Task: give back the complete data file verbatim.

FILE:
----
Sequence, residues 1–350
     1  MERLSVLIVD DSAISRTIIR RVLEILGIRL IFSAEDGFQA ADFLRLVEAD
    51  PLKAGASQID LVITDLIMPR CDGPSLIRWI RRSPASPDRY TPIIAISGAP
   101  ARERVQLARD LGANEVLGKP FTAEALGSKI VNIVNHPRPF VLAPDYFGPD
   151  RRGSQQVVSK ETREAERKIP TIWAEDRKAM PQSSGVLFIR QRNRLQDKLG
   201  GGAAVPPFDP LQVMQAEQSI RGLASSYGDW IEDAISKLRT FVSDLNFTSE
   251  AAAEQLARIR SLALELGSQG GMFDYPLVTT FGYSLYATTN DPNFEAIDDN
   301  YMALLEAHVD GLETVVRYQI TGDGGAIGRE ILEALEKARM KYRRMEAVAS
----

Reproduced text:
Sequence, residues 1–350
     1  MERLSVLIVD DSAISRTIIR RVLEILGIRL IFSAEDGFQA ADFLRLVEAD
    51  PLKAGASQID LVITDLIMPR CDGPSLIRWI RRSPASPDRY TPIIAISGAP
   101  ARERVQLARD LGANEVLGKP FTAEALGSKI VNIVNHPRPF VLAPDYFGPD
   151  RRGSQQVVSK ETREAERKIP TIWAEDRKAM PQSSGVLFIR QRNRLQDKLG
   201  GGAAVPPFDP LQVMQAEQSI RGLASSYGDW IEDAISKLRT FVSDLNFTSE
   251  AAAEQLARIR SLALELGSQG GMFDYPLVTT FGYSLYATTN DPNFEAIDDN
   301  YMALLEAHVD GLETVVRYQI TGDGGAIGRE ILEALEKARM KYRRMEAVAS